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|Volume 10 |Issue 19 | May 20, 2011 ||
Three Days in La Habana
Cuba will not be on top of the tourist list for most people from our part of the world. But it is a very popular tourist destination for Canadians. My husband, Sajjad and I decided to visit Cuba and we are glad that we did.
Our plane landed in Varadero Int. Airport at 9.30 pm. After clearing immigration and claiming our luggage we headed for La Habana which is 140 km east of Varadero. The cab sped through the deserted road and we reached Hotel Panorama only in an hour and a half. On our way, we passed the city of Matanzas. The story goes that in the 16th century, when the Spanish ship reached the port, the natives welcomed the Spaniards with fruits, vegetables and animals as offerings for friendship. In return for the hospitality, the Spaniards butchered all the natives, hence the name Matanzas which in Spanish means massacre.
The next day we took a guided tour of Havana. We drove through a long stretch of road alongside of the Gulf of Mexico with its deep aquamarine waters. The bus dropped us off at Old Havana, which has been declared Heritage Sites by the UNESCO. A lot of restoration works are being done to preserve and restore the grandeur of old Havana. The architecture reflects the Moorish, Spanish, Roman, Greek and Italian influence and style. Led by our guide, Elisha we started down the well laid narrow straight roads, cutting each other at right angles. A lot of these roads are closed to traffic and are full of open-air restaurants with band playing lively music. We walked around the Cathedral Square where the famous Cathedral of Saint Christopher, built in the 18th century and dedicated to Saint Christopher stands. It is a classic Baroque church with interiors covered with religious art. The cathedral is full of columns and niches and has asymmetrical features with one tower wider than the other. The interior of the church is stunning with beautiful frescoes of the saints. The plaza around the cathedral is a lively place, which now houses open air restaurants and bars full of tourists.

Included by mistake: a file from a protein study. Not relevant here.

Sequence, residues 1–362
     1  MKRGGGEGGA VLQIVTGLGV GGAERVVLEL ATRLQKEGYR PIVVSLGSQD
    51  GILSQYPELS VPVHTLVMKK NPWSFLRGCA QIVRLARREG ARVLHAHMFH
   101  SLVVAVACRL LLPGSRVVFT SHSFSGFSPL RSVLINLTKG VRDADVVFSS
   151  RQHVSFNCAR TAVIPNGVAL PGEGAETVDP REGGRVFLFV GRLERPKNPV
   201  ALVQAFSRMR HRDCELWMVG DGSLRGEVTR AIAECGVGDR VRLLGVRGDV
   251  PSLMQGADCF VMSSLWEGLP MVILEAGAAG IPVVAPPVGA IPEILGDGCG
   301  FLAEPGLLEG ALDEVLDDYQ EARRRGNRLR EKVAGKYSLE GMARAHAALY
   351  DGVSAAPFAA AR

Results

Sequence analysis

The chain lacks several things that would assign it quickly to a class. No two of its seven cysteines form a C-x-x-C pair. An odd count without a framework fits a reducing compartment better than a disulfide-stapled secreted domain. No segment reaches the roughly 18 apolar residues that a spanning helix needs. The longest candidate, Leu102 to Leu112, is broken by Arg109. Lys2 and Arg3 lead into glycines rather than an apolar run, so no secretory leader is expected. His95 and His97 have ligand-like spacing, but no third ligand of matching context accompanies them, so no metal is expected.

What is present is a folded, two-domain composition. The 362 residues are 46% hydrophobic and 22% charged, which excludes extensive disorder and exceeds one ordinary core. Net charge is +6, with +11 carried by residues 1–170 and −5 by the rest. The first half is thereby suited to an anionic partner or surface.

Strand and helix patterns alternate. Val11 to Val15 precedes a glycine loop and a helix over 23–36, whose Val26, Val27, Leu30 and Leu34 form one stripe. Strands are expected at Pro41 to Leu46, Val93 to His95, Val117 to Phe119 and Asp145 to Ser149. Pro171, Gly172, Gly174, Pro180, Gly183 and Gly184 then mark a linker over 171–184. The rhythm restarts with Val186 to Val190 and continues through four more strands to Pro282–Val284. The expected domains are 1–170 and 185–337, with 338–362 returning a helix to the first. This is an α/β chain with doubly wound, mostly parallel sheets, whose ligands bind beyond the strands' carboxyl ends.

Hemmingway's famous novel The Old Man and the Sea which helped him win the Nobel Prize for Literature in 1954 was written in Havana. His hotel, his home and the bars he frequented are now tourist spots. As fans of his writings, it was natural for us to visits those places. First we went to the La Bodeguita, which was frequented by the writer where he enjoyed the famous Cuban rum based drink called mohito. A little away from the Cathedral, is the bar, El Floridita, which was also, frequented by Hemmingway every evening to enjoy the drink, daiquiri which some say was his invention. Next we walked through the narrow roads and passed the five-storey, pink Ambos Mundo Hotel. It is said that it was in Room 511 of this hotel that Hemmingway was inspired to write the novel For Whom the Bell Tolls. The room and his house have now been turned into a museum.
Many of Havana's old mansions have been turned into museums. The Museum of the City, which was the Palace of the Captain General, is a magnificent building of the 18th century Cuban baroque architecture. Overlooking the courtyard is the white marble statue of Christopher Columbus. The museum displays relics from the colonial period and of course, there is the Throne Room, which was used by the Spanish Monarchs when they visited Cuba. A Russian tank used in the Bay of Pigs stands in the plaza outside the museum.
We strolled along the Plaza de Armas, which was full of open air bookstalls. Further down, was the road laid out with wooden tiles leading to the palace of the governor. The story goes that when horses trotted down the road, the noise disturbed the governor's sleep who ordered that cobble stones of the roads be replaced by wooden tiles- thereby making less noise so that he could sleep peacefully.